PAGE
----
Introducing Riff, a Nix-based tool for automatically provides external dependencies for Rust projects

Determinate Systems is excited to announce the initial release of Riff, a Nix-based tool for automatically providing external dependencies for Rust projects:

Intro blog post: Introducing Riff.

With Riff, you can can run riff shell to drop into a shell with dependencies that are commonly missing from users’ environments, such as OpenSSL and Protobuf. Similarly, riff run enables you to run shell commands within that same environment, for example riff run cargo build.

Riff works by examining the dependency graph of your Rust project and providing, on a per-crate basis, dependencies that are known to be missing. Riff keeps an internal registry of crate-specific dependencies, but you can also apply dependencies in your Cargo.toml file.

Although Riff uses Nix, it requires no up-front knowledge of Nix. Instead, it wraps the Nix CLI and produces an “internal flake” based on the your project’s Cargo.toml. You can install it now using Nix:

nix profile install github:DeterminateSystems/riff
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There is no hint in the introductory post:

Are you considering (secretly) exposing an integration ramp for “Nix for DevOps”-scenarios?

Like:

  • "Just go with riff"
  • “We can integrate it later”

Did you consider using the defaultCrateOverrides in nixpkgs instead of having your own registry?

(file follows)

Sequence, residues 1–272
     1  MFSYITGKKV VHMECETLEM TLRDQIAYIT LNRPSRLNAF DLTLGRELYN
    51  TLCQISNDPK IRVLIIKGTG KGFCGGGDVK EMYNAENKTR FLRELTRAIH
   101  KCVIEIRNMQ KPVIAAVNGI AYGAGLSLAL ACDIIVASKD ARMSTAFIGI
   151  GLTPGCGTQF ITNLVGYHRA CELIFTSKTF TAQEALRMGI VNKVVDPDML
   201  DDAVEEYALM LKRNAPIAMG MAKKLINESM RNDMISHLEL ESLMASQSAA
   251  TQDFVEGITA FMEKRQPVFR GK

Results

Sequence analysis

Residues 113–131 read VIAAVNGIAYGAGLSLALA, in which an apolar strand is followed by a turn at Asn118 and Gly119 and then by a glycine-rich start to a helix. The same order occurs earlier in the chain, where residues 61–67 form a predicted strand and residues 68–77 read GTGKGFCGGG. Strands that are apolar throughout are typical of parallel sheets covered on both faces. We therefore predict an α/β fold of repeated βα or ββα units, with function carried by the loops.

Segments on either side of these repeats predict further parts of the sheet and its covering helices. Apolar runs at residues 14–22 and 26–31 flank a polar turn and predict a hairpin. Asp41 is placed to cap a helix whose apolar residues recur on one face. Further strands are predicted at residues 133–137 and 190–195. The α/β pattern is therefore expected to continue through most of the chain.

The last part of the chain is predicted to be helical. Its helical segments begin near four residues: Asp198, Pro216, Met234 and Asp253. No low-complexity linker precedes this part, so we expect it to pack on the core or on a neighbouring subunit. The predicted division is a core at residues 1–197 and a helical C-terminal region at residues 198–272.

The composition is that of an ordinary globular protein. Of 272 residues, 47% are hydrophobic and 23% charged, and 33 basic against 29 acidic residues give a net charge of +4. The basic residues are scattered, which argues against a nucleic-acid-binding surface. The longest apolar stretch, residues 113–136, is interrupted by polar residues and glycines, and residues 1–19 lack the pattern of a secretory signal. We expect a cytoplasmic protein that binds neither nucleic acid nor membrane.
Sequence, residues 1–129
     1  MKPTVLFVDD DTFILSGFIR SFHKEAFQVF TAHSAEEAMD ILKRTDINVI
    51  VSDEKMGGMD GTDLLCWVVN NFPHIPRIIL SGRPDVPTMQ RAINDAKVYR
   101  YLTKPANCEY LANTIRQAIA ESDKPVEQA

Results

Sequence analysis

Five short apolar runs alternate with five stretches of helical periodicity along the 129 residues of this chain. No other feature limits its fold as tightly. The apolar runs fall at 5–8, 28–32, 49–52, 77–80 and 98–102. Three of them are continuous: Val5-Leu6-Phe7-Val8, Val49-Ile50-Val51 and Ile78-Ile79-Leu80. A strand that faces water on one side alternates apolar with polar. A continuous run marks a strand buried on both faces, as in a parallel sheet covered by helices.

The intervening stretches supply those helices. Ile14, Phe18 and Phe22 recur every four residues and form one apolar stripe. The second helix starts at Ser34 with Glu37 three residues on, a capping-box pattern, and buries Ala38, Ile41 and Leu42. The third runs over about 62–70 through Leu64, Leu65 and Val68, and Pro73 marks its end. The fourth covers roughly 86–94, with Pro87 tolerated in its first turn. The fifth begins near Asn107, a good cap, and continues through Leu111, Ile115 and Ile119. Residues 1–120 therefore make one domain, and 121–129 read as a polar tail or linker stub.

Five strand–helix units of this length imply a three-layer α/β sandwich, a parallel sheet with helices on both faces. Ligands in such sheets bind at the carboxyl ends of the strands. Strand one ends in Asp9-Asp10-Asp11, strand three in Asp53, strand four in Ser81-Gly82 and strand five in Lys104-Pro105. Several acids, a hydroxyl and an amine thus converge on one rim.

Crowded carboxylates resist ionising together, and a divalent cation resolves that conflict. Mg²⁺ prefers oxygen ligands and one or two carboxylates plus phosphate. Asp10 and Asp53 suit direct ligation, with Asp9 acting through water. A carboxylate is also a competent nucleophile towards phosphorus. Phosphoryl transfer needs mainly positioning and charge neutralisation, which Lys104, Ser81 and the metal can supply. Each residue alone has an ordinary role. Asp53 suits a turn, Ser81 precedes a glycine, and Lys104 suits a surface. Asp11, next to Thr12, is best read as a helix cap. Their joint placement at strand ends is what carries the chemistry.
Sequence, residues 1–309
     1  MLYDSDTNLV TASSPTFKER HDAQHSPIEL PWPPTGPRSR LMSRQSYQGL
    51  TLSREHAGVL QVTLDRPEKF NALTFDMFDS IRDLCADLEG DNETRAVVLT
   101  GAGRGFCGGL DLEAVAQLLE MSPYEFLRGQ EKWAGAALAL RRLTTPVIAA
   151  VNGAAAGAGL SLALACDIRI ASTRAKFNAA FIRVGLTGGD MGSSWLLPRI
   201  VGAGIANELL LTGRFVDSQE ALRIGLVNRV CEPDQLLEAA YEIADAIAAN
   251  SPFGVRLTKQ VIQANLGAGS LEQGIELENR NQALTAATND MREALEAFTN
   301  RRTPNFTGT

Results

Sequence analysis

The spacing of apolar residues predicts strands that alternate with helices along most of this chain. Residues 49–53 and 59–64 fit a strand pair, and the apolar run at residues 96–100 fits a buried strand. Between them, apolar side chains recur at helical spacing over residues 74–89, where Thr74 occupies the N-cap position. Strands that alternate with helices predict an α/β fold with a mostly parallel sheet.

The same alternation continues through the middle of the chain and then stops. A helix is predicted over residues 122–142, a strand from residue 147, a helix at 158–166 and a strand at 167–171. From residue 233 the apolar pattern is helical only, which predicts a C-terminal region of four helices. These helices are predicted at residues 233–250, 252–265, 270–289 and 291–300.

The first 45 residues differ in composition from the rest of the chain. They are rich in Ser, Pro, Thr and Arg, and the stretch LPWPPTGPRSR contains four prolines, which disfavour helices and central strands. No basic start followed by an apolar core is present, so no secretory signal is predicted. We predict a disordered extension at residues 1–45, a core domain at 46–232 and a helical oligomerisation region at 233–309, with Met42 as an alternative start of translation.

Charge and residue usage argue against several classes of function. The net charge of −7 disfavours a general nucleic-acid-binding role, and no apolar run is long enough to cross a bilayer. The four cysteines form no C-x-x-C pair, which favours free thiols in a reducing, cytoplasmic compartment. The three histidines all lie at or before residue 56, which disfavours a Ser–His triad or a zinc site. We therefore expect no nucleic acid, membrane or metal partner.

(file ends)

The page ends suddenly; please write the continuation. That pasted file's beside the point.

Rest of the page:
This looks great! A suggestion on marketing/presentation/messaging, given that this is targetted at users who don’t otherwise use nix.

In the description of what riff does and how it works, steer clear of saying it “installs” dependencies. This could make them nervous about conflicting package managers and all the kinds of things we know nix will help them avoid, but they may not be familiar with. Instead, use language more like that it will “fetch” them into /nix/store and “link” them into the shell environment, without otherwise altering the host system.

For those of us who do use nix, there are some other questions; things we think about that this tool explicitly avoids getting in the way for new users. Stuff like pinning versions of nixpkgs and committing specific dependencies. I guess there will be a flake.lock file created, though it’s not currently explicitly stated. Will there be a way to see the generated flake? I’m thinking for more nix-aware users, it might be a good bootstrapping tool; helping to write the initial flake for external dependencies that can then be customised further.

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